Internet Archive/Wayback Machine Has Now “Rescued” More Than 9 Million Broken Links on Wikipedia
As part of the Internet Archive’s aim to build a better Web, we have been working to make the Web more reliable — and are pleased to announce that 9 million formerly broken links on Wikipedia now work because they go to archived versions in the Wayback Machine.
For more than 5 years, the Internet Archive has been archiving nearly every URL referenced in close to 300 wikipedia sites as soon as those links are added or changed. At the rate of about 20 million URLs/week.
To date we have successfully used IABot to edit and “fix” the URLs of nearly 6 million external references that would have otherwise returned a 404. In addition, members of the Wikipedia community have fixed more than 3 million links individually. Now more than 9 million URLs, on 22 Wikipedia sites, point to archived resources from the Wayback Machine, and other web archive providers.
One way to measure the real-world benefit of this work is by counting the number of click-throughs from Wikipedia to the Wayback Machine. During a recent 10 day period, the Wikimedia Foundation measured external link click-throughs and found that, by far, the most popular external destination was the Wayback Machine. Three-times the next most popular site, books.google.com In real numbers, on average, more than 25,000 clicks/day were made from the English Wikipedia to the Wayback Machine.
What is next?
We will expand our efforts to check and edit more Wikipedia sites and increase the speed which we scan those sites and fix broken links.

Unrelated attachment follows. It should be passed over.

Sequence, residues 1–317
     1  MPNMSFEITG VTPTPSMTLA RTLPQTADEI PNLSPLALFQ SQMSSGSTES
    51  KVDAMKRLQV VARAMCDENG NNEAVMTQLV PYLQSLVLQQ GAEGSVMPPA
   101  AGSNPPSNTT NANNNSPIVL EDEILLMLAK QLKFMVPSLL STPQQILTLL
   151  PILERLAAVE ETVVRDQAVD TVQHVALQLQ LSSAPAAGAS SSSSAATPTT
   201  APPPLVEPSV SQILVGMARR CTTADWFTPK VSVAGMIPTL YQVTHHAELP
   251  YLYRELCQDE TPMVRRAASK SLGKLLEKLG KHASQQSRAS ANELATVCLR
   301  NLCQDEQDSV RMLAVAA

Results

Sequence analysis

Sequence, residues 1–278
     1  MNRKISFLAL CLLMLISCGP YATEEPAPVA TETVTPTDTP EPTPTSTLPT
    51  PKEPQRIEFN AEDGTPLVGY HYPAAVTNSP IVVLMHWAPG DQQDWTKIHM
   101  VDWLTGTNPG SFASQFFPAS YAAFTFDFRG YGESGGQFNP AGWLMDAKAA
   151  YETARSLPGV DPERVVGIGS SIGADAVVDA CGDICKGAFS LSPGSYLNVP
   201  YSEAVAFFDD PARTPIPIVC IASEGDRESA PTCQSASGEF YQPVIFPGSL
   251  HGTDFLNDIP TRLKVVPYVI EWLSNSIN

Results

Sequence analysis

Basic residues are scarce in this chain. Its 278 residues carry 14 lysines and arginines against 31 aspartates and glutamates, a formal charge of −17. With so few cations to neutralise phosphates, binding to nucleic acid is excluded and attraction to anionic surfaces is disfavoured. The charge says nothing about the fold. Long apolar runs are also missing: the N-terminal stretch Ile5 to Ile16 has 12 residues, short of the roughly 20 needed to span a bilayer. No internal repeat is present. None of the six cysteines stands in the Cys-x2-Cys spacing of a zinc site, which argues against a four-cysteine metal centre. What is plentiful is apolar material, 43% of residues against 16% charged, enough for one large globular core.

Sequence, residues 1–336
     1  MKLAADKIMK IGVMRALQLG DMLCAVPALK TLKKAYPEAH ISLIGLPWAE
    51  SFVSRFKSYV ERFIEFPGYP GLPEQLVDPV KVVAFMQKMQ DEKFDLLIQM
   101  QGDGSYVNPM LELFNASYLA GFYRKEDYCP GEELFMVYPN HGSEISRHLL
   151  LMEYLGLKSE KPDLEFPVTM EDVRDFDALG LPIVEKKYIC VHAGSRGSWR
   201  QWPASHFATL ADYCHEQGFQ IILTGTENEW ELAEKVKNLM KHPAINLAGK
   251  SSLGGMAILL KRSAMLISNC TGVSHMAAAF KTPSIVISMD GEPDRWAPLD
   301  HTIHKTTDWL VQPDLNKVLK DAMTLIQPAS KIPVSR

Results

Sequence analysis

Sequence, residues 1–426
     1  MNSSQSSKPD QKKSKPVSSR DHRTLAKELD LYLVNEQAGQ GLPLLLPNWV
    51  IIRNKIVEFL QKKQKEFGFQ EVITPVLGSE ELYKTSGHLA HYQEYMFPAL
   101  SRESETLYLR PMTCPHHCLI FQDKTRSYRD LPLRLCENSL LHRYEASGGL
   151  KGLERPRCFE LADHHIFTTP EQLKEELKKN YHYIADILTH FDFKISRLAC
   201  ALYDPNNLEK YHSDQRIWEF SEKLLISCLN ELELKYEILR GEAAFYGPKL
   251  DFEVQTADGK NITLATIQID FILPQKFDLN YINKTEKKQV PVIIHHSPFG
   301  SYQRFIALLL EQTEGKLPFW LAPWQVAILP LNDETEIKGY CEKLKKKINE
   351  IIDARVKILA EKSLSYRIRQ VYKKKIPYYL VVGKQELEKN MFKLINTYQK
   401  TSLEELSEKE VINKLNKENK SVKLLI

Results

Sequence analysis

We will improve our processes to archive externally referenced resources by taking advantage of the Wikimedia Foundation’s new “EventStreams” web service.
We will explore how we might expand our link checking and fixing efforts to other media and formats, including more web pages, digital books and academic papers.
We will investigate and experiment with methods to support authors and editors use of archived resources (e.g. using Wayback Machine links in place of live-web links).
We will continue to work with the Wikimedia Foundation, and the Wikipedia communities world-wide, to advance tools and services to promote and support the use of persistently available and reliable links to externally referenced resources.
About Gary Price
Gary Price (email@example.com) is a librarian, writer, consultant, and frequent conference speaker based in the Washington D.C. metro area. Before launching INFOdocket, Price and Shirl Kennedy were the founders and senior editors at ResourceShelf and DocuTicker for 10 years. From 2006-2009 he was Director of Online Information Services at Ask.com, and is currently a contributing editor at Search Engine Land.